Deploying microservices to IBM Cloud

duration 1 hour
Git clone to get going right away:
git clone https://github.com/OpenLiberty/guide-cloud-ibm.git
Copy Github clone command

Explore how to deploy microservices to IBM Cloud Kubernetes Service (IKS) and IBM Cloud Private (ICP).

What you’ll learn

You will learn how to deploy two microservices in Open Liberty containers to a Kubernetes cluster on IBM Cloud.

Kubernetes is an open source container orchestrator that automates many tasks involved in deploying, managing, and scaling containerized applications. If you would like to learn more about Kubernetes, check out the Deploying microservices to Kubernetes guide.

There are different cloud-based solutions for running your workloads in a Kubernetes cluster. A cloud-based infrastructure enables you to focus on developing your microservices without worrying about details related to the servers you deploy them to. Using a cloud helps you to easily scale and serve your microservices in a high-availability setup.

IBM Cloud Kubernetes Service (IKS) is part of IBM’s public cloud offerings. It provides a hosted Kubernetes cluster where you can deploy your microservices. You will use it with IBM Cloud Container Registry, a private registry used to store and distribute your container images.

The two microservices you will deploy are called system and inventory. The system microservice returns the JVM system properties of the running container. It also returns the pod’s name in the HTTP header, making replicas easy to distinguish from each other. The inventory microservice adds the properties from the system microservice to the inventory. This demonstrates how communication can be established between pods inside a cluster.

You will use Helm to deploy these microservices to IBM Cloud using Open Liberty Helm charts. Helm is a package manager for Kubernetes. It uses templates to generate Kubernetes yaml files and then deploys and manages them as releases in your cluster.

Prerequisites

Before you begin, the following tools need to be installed:

  • Docker: You need a containerization software for building containers. Kubernetes supports various container types, but you will use Docker in this guide. For installation instructions, refer to the official Docker documentation.

  • kubectl: You need the Kubernetes command-line tool kubectl to interact with your Kubernetes cluster. See the official Install and Set Up kubectl documentation for information about downloading and setting up kubectl on your platform.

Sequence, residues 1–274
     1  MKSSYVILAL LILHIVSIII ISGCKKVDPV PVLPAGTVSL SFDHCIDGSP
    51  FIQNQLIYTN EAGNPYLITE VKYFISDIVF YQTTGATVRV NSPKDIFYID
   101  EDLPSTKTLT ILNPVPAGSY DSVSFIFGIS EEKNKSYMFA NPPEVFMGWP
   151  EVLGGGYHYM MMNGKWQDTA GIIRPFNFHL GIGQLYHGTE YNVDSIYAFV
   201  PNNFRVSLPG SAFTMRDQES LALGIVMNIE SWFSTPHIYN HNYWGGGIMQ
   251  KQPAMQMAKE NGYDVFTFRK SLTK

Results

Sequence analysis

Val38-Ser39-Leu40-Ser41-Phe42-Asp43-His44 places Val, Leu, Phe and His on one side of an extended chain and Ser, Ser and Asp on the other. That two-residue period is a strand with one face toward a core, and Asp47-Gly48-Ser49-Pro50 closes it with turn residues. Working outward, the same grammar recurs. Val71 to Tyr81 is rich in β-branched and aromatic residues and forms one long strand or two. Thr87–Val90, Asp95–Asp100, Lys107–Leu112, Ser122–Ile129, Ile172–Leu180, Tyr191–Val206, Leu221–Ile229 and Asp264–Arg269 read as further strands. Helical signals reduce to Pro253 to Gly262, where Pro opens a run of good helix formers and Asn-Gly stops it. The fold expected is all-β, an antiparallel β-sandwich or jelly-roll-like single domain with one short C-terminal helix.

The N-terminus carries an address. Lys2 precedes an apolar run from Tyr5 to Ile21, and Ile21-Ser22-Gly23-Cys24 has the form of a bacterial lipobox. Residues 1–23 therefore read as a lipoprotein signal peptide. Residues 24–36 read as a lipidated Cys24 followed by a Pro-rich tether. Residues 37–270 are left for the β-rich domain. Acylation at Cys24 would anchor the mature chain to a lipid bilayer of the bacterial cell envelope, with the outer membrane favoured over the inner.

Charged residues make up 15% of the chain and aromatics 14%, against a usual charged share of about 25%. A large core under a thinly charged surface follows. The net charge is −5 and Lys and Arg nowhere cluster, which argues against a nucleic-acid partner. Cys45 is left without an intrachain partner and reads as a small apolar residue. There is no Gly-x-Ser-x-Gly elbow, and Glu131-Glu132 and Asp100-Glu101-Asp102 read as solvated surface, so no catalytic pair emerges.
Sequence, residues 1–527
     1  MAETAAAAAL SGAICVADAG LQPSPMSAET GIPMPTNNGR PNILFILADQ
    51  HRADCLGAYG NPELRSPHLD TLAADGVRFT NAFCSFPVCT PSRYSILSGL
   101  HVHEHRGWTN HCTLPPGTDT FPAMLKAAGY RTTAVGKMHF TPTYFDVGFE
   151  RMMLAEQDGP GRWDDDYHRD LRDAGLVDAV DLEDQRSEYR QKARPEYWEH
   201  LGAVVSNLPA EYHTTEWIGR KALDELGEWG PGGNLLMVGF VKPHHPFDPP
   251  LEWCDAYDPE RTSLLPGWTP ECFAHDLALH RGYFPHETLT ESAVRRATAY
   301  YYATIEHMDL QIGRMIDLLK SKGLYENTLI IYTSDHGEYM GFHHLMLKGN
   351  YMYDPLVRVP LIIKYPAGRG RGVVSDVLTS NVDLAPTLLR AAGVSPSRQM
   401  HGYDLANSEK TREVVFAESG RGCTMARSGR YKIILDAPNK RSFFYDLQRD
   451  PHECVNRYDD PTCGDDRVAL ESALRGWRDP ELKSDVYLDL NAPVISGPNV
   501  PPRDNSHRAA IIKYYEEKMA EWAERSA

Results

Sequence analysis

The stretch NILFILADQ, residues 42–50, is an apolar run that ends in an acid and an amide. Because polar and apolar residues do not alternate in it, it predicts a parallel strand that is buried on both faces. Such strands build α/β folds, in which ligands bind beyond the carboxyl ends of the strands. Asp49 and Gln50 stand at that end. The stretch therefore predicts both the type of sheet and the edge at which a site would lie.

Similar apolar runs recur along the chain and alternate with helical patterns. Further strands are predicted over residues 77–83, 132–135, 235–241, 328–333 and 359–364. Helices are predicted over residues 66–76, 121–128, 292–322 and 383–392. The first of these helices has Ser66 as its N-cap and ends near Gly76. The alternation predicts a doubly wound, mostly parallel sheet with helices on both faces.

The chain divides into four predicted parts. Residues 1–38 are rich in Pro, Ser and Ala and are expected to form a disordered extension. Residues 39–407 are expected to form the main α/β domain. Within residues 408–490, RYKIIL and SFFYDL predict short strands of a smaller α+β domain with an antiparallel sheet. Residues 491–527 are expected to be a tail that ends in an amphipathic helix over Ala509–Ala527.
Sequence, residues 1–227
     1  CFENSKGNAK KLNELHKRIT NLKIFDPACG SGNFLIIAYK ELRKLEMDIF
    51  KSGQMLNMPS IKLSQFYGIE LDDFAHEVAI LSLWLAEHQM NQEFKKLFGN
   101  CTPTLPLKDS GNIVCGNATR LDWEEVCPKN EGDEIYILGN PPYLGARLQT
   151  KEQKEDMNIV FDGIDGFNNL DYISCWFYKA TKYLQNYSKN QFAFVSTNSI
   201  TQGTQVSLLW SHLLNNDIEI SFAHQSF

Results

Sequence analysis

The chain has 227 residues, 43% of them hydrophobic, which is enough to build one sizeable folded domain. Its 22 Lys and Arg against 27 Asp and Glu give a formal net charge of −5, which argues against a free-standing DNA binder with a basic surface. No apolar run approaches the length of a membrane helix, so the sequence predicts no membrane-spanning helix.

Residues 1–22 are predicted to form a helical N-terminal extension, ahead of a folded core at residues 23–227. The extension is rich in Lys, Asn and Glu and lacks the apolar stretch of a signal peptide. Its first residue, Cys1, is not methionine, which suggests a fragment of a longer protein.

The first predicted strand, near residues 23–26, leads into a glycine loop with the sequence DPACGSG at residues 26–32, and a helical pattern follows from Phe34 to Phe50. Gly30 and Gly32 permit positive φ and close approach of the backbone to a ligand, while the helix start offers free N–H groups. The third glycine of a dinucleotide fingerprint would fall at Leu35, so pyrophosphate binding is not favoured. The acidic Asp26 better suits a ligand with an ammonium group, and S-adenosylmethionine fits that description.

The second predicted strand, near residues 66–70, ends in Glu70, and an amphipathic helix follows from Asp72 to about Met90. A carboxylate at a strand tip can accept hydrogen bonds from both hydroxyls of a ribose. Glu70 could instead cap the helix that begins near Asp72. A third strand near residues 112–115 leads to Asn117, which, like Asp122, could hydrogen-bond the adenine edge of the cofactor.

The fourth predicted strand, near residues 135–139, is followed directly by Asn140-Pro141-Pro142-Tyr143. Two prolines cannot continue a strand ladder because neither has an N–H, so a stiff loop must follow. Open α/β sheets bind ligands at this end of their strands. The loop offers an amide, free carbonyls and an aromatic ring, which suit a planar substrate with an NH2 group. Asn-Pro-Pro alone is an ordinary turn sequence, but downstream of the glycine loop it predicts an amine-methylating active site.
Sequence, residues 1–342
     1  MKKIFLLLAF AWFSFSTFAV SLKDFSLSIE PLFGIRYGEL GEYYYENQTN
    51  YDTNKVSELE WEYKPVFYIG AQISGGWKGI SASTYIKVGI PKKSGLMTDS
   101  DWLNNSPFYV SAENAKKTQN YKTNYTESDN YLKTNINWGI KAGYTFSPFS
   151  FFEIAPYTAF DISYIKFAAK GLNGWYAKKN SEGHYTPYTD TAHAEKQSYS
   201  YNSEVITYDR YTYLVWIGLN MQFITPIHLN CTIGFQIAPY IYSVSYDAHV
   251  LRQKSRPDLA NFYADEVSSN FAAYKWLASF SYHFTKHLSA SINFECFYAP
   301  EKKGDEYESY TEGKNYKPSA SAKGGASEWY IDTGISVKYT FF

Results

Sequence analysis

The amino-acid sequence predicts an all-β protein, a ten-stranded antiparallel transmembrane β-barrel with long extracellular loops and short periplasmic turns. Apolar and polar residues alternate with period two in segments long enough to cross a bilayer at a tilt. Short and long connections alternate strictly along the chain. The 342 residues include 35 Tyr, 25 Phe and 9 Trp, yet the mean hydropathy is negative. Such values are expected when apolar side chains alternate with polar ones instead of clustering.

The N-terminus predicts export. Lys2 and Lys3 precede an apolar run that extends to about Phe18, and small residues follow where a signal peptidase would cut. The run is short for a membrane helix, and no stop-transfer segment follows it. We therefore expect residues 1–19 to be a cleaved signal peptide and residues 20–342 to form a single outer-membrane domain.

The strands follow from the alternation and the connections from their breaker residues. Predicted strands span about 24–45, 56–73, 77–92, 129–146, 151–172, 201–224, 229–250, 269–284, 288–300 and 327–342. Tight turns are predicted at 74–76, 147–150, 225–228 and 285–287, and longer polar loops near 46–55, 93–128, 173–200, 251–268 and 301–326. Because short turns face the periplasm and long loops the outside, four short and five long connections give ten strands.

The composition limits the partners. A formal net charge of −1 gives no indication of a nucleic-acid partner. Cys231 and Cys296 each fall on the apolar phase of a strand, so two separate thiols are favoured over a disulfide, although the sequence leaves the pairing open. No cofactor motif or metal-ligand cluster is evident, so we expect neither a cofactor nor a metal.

• Helm: You will use the Helm Command Line Interface (CLI) to install Helm’s Tiller to your Kubernetes cluster and to manage releases in your Kubernetes cluster. Download Helm v2.13.1 and see the official Installing Helm documentation for information about setting up helm on your platform.

  • IBM Cloud CLI: You will use the IBM Cloud CLI to interact with IBM Cloud. To install the IBM Cloud CLI for your platform, run one of the following commands:

    MAC

    curl -fsSL https://clis.cloud.ibm.com/install/osx | sh

    LINUX

    curl -fsSL https://clis.cloud.ibm.com/install/linux | sh

    WINDOWS

    Open command prompt as an administrator and run the following command.

    powershell -command "Set-ExecutionPolicy Unrestricted; iex(New-Object Net.WebClient).DownloadString('https://clis.cloud.ibm.com/install/powershell')"
  • IBM Cloud Container Registry plug-in: To install the container registry plug-in, run the following command:

    ibmcloud plugin install container-registry
  • IBM Cloud Kubernetes Service plug-in: To install the Kubernetes registry plug-in, run the following command:

    ibmcloud plugin install kubernetes-service

Getting started

The fastest way to work through this guide is to clone the Git repository and use the projects that are provided inside:

git clone https://github.com/openliberty/guide-cloud-ibm.git
cd guide-cloud-ibm

The start directory contains the starting project that you will build upon.

The finish directory contains the finished project that you will build.

Creating a Kubernetes cluster on IBM Cloud

Before you can deploy your microservices, you must create a Kubernetes cluster on IBM Cloud.

Configuring IBM Cloud CLI

Log in to IBM Cloud by using the ibmcloud command line. When you are prompted to select a region, choose us-south. This allows you to create a free cluster, which is limited to specific regions. Note that if you are using a federated user ID, you will have to use the --sso flag to get a one-time code for single sign-on.

ibmcloud login

Provisioning a cluster

To create a Kubernetes cluster, you need Administrator access to IBM Cloud Kubernetes Service. To confirm that you have Administrator access, navigate to the IBM Cloud Dashboard. Then, navigate to Manage > Access (IAM) > Users > [Your Username] > Access Policies and confirm that Administrator is listed as a policy for all resources in the account or for the Kubernetes service.

Once you have confirmed that you have appropriate permissions, use the following command to provision a cluster.

ibmcloud ks cluster-create --name guide-cluster

This command provisions a free cluster that expires in a month if you do not delete it.